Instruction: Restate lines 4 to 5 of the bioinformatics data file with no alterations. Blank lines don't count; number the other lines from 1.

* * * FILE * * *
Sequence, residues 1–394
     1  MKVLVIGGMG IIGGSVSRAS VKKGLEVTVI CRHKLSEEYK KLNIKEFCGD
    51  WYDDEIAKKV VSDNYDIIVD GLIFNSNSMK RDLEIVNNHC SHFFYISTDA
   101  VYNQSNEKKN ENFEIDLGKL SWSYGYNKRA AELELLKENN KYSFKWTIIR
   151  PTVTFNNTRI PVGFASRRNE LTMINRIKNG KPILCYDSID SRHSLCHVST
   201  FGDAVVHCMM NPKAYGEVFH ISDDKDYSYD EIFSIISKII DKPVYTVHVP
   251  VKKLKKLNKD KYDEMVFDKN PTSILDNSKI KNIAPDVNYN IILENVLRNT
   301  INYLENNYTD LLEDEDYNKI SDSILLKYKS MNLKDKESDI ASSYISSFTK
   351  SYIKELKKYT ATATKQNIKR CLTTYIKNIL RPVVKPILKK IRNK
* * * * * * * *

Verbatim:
   101  VYNQSNEKKN ENFEIDLGKL SWSYGYNKRA AELELLKENN KYSFKWTIIR
   151  PTVTFNNTRI PVGFASRRNE LTMINRIKNG KPILCYDSID SRHSLCHVST